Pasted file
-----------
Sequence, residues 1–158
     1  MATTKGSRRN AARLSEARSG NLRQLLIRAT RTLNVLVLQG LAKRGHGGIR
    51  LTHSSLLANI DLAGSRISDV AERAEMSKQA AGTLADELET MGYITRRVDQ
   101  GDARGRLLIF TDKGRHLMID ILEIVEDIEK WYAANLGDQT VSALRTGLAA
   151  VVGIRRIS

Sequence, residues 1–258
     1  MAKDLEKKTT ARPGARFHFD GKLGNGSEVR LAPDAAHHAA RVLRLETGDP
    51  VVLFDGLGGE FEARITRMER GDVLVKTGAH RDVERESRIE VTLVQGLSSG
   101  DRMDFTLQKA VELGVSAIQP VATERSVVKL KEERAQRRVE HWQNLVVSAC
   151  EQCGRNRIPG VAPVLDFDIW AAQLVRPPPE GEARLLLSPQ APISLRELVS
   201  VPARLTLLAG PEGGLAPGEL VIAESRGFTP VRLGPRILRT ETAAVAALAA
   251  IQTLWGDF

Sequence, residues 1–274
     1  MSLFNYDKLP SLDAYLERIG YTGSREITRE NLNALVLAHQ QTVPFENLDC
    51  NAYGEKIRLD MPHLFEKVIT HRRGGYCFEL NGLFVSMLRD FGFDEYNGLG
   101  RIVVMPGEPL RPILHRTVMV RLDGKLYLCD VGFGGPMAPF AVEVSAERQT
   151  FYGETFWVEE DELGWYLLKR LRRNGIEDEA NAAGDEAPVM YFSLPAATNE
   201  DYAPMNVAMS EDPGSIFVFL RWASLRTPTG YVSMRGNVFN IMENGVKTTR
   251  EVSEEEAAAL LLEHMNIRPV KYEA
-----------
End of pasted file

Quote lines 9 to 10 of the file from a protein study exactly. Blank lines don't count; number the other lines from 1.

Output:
   101  DRMDFTLQKA VELGVSAIQP VATERSVVKL KEERAQRRVE HWQNLVVSAC
   151  EQCGRNRIPG VAPVLDFDIW AAQLVRPPPE GEARLLLSPQ APISLRELVS